Outside, a dreamy autumn breeze whips in from the harbo and up the cobblestoned surface of Fell Street in Fells Point. Inside a small waterfront row house, five middle-aged women carry steaming mugs of coffee and tea from Mary Coe's kitchen nook out into the small sitting room.
"Anyone have a hot dream?" asks Mary after they sit down. A moment's hesitation: Skeptical eyes are directed toward a visitor, notebook balanced on his knee. A quick poll is taken. Mary Coe and Fay Lande are the only ones willing to reveal their last names to the visitor. It's one thing to share your dreams with each other in a friendly setting, explain Anita and Ann and Nancy. It's quite another to expose yourself to the vast, anonymous, skeptical public. Nancy then volunteers that some of their husbands hold prominent positions and that their colleagues might get the wrong impression about all of this dream stuff.
And why shouldn't they get the wrong impression? Didn't Sigmund Freud himself -- once dubbed the Christopher Columbus of the unconscious for his turn-of-the-century masterpiece "Interpretation of Dreams" -- didn't he ultimately get the wrong impression? Wasn't it he who insisted all dreams were rooted in the sexual shame of repressed childhood experiences with mother or father? Didn't he and his esteemed protege, Carl Jung, break over that very point? A break that became final when Jung wrote, to his mentor's bitter dismay, that dreams revealed things, they didn't hide them?
Such a murky world, dreams -- although they've actually become a lot more user-friendly of late. Freud revolutionized attitudes in 1900 by declaring dreams -- once linked to witchcraft and the occult -- the key to delving into the past unconscious. In the 1950s, researchers pinned down the concept of rapid-eye-movement sleep patterns, the four or five periods of sleep each night during which the brain processes information. It was those studies of REM sleep that proved we all dream -- all of us, whether we remember our dreams or not. What science didn't say was whether remembering dreams was good or bad, although their skepticism was obvious. Medical schools and training programs for psychotherapists still skimp on dream theory, scant amounts are available in grant money to dream researchers, and the official scientific view still holds that dreams are merely something that happens while you are unconscious and, therefore, to be viewed with a squint.
But that hasn't prevented a growing movement of dream studiers from challenging traditional views toward the unconscious. Many of these New Age dreamers come with considerable credentials in both the hard and soft sciences; others have little formal training at all. Their common link seems to be a vast bank of personal experience that suggests dreams are the path toward a new self-realization. Stop spending all your energy on what happened behind mother and father's bedroom door, they are saying. Use those dreams to tap into the here and now.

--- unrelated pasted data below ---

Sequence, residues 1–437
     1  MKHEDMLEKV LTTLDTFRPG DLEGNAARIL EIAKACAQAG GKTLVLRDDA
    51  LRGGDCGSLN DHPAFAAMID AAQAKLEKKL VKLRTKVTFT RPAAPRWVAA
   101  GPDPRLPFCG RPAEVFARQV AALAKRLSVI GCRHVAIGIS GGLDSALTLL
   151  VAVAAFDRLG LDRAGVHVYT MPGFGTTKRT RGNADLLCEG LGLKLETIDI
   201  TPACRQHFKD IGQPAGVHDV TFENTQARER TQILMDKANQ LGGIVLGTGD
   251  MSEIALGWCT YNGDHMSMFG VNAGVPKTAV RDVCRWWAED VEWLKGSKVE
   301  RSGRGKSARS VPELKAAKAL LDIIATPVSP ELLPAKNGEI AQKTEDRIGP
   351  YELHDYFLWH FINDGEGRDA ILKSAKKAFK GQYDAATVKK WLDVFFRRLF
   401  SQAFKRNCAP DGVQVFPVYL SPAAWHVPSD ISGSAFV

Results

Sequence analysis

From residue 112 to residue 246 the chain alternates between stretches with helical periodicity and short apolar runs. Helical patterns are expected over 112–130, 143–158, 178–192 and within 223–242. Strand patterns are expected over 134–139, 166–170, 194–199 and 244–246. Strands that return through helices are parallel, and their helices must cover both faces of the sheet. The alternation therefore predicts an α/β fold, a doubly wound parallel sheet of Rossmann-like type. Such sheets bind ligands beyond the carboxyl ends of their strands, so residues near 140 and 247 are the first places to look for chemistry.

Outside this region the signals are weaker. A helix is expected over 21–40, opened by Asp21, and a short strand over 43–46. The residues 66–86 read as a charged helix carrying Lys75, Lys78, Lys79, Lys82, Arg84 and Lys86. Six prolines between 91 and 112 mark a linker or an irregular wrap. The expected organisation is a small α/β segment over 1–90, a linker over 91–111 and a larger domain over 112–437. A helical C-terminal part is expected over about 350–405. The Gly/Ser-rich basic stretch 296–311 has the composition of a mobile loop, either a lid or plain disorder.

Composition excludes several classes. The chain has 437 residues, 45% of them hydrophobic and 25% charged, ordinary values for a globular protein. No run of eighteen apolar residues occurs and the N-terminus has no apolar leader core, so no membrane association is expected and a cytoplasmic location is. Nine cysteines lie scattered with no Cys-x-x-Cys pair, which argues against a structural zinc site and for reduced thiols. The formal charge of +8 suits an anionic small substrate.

Thus, out there in the here and now you will find everyday dreamers, like the women who gather at Mary Coe's house every Thursday morning, using their dreams as a way to resolve problems and enrich their lives.
"So," asks Mary Coe. "Anyone have a hot dream?"
Today, it's Nancy's turn. Approaching 40, she is a housewife at the moment, a professional-turned-mother and the wife of a somewhat dream-skeptical scientist.
"I was caring for a baby," she begins. "It was summertime, I was in a big park. I had a good feeling about what was going on. I carried the child down a busy street to a large brick school. I couldn't use the steps because there was construction. I climbed up a ladder to a lower roof, still holding the child. It was a wibbly-wobbly ladder. I realized I couldn't get in. And how was I going to get down the ladder with the baby? A group of boys came up and started to sing songs. They sang 'The Boys of Sweden.' I saw a crowd. I called to a man I knew. I had a sense I couldn't turn around and go back. Then the man came up and took the baby and I climbed down. I crossed the street and a milk delivery truck was backing up. It didn't see me. I had enough room to get by, to be OK, but just a small amount of room between me and the truck. Most of the crowd seemed to be males. They were in a hurry to get me down from the ladder. I didn't like it that it made me feel rushed."
It's called dream sharing and it's almost as simple as it looks. First you sleep, then you dream. It's not hard; everybody does it. Not everybody, however, scribbles notes on a bedside pad at 3 (( a.m. Of those who do, many arrange informal get-togethers with a handful of trusted friends to discuss those dreams. It's a fairly widespread practice on the East and West Coast but, in the words of one dream researcher, "It's a little thin in between."